(Originally posted on November 23, 2009)
One question that a stay-at-home mom deals with all the time is, "So what exactly do you do all day anyway?" In addition to sitting on the couch with a bag of chips watching a Meredith Baxter Birney marathon on Lifetime, there are times when I find it necessary to mutate into more than a few dozen other people in order to create an efficient, happy household. Several of these roles are often overlooked and taken for granted in the chaos of our day-to-day lives. With the craziness of the holidays quickly approaching, I always carve out some time to reflect on the past and give thanks to these people, just in case my kids get too busy asking for stuff and forget to.
Cleaning Lady. In addition to the monotonous vacuuming/dusting/ de-gunking/scrubbing/sweeping, this kind lady also wipes up sticky spills that mysteriously appear, gets dog barf out of the carpet, unclogs toilets, organizes closets, kills bugs, does endless loads of laundry, and has even been known to iron.
Human Resources. Thank you for encouraging cooperation and empathy, teaching the five-year-old how to use words instead of her clenched fists, solving the famous "Who Touched Who First" dilemma, and managing to get the teenager to say something besides, "Maybe you could be lamer, Charlie."
Landscape Contractor. The lawn is always a welcome place for a picnic or a game of baseball, thanks to the person that weeds, mows, trims, and picks up the dog crap. And contrary to popular belief, I know that this person does not appreciate hearing, "Gross Mom, you missed a pile over here."
Hospitality Manager. After making sure that the bar fridge is stocked with an assortment of beverages and always having snacks on hand, I appreciate this individual's willingness to host science project get-togethers, video game marathons, and the occasional sleepover, no matter how weird the other kids might smell.
Dog Groomer. After brushing the dog, washing the dog, clipping the nails, and drying the dog, the dog seems a little less revolting for at least five hours, unless the stupid dog runs into the backyard and promptly rolls in goose shit. And since the dog groomer isn't insane, expressing the anal glands is not in the job description.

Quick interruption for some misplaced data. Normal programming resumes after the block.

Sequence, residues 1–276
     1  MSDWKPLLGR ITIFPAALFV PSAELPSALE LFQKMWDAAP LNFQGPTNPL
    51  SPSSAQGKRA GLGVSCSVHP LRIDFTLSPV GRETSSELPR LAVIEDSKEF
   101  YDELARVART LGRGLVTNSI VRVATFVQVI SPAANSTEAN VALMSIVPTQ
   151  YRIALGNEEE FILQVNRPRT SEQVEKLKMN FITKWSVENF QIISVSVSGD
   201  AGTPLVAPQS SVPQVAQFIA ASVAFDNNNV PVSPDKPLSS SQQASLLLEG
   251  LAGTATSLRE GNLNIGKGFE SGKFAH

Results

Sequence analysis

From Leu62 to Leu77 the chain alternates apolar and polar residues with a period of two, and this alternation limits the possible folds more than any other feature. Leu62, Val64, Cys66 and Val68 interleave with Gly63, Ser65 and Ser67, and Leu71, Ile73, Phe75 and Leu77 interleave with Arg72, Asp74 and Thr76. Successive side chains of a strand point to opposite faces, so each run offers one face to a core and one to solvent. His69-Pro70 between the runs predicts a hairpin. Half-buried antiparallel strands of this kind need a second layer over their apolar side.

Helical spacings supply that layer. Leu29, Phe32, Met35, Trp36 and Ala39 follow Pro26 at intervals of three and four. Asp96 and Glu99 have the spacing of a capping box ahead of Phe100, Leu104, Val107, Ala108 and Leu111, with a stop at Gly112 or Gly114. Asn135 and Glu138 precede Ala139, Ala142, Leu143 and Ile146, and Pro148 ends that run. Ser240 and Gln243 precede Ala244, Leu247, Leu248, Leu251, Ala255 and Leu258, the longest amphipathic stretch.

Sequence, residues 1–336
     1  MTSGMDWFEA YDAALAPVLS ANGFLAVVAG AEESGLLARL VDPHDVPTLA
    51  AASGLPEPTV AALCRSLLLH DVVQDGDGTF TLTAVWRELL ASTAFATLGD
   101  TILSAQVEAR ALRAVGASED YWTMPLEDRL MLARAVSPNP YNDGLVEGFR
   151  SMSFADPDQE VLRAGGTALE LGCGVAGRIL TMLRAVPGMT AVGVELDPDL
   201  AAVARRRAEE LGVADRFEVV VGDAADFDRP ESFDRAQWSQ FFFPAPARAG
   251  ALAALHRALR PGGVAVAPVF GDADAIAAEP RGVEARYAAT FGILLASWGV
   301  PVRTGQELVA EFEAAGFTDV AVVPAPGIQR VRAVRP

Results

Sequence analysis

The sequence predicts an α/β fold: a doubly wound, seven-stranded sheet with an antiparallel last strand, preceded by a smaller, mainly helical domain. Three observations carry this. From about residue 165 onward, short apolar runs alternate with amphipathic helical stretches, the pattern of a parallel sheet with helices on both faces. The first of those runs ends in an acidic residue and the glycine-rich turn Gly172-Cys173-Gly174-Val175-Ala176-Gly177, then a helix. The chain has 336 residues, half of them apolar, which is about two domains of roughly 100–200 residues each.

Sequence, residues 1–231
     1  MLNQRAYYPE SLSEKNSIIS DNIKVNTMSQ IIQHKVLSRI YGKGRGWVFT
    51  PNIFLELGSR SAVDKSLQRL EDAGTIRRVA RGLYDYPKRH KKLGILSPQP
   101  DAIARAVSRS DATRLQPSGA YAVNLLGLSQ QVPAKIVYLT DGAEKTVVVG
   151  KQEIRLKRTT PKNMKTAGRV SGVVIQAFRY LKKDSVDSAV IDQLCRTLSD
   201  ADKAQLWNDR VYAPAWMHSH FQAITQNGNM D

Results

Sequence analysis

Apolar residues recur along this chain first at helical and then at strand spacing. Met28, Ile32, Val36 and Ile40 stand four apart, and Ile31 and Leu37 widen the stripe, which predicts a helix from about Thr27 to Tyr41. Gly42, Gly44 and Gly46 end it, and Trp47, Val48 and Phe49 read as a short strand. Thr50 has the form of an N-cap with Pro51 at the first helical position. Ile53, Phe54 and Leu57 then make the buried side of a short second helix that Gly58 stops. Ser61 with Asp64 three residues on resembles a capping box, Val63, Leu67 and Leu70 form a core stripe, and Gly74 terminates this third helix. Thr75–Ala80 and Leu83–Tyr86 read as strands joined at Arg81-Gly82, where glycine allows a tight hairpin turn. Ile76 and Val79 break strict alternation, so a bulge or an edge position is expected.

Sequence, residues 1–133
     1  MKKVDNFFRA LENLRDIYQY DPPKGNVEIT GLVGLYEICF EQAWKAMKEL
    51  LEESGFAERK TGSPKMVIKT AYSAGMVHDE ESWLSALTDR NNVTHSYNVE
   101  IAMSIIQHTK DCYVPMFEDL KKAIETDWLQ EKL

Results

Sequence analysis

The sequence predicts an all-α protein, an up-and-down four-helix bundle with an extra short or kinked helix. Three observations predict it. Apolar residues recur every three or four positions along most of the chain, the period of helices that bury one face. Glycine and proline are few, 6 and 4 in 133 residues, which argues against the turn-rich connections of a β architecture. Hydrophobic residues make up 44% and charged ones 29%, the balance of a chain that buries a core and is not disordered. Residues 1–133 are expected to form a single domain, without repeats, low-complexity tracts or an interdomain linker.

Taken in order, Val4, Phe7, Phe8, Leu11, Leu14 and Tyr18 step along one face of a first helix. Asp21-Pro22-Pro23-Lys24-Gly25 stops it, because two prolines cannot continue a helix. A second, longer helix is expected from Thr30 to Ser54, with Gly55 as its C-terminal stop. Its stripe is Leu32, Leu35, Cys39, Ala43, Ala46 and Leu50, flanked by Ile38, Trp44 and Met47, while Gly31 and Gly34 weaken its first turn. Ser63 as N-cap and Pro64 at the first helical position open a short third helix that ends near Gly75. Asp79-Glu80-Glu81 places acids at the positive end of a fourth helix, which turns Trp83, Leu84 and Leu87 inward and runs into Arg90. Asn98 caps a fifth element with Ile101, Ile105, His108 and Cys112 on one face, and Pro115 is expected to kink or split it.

Anesthesiologist. Thank you, Benadryl.
Nurse. An extra-hearty thank you for never giving the 32-pound child an overdose of Motrin, knowing all the tricks to reduce a fever, never doing the dreaded "gasp loudly and make giant eyes" reaction when a kid falls down, spotting a phony, dishing out just the right amount of sympathy when necessary, and making soup.
Psychologist. Somehow, this person is almost always able to win a battle and doesn't care if the kids get mad about the result. She can also tell the difference between when a kid is about to lose it and needs a break, and when the kid needs to suck it up and push himself. The psychologist also knows that the oldest kid doesn't talk very much; but when he finally does, she bakes some pre-made cookie dough and actually listens.
Chauffeur. How do I thank this person enough? Constantly getting kids, sports equipment and backpacks in and out of the car, sometimes passing herself on the freeway, rarely being late, never relinqishing power over the radio, and somehow always having a granola bar and a bottle of water available for a hungry/thirsty kid. How she manages to not scream obscenities at all of the stupid, horrible, texting drivers out there is beyond me.
Activities Coordinator. Scheduling dentist, doctor, and eye appointments, violin, piano, and tennis lessons, haircuts, tennis tournaments, and piano recitals in coordination with the school calendar is no easy feat. At least this person is smart enough to also make time for happy hours and vacations.
Nutritionist. Thank you for having the backbone to say, "No. You cannot have a Sour Patch Kids sandwich for lunch," always having fresh fruit in the house, making dinner every night, and even remembering to feed the dog. Creating a meal that isn't too cheesy, spicy, fatty, gooey, meaty, vegetabley, or squishy is not the easiest thing to do.
There are so many things that moms do everyday, and it's easy to feel like no one notices that the house is clean, there's food in the fridge, the school projects are completed on time, and the beds are made. Some people will try to make you feel better by saying: "It's a thankless job, get used to it," "But the kids are so sweet, treasure every moment," "It's such a privilege that you should appreciate," or some other pointless cliche. I know it's a privilege to not have to drive to work, I wouldn't trade being a mom for anything, and while most days are great, some are the absolute opposite of great. At some point every year, I think every mom should be able to say... "SOMETIMES THIS SUCKS! SAY THANK YOU! And now, if you'll excuse me, I'm going to go make a drink. Or three."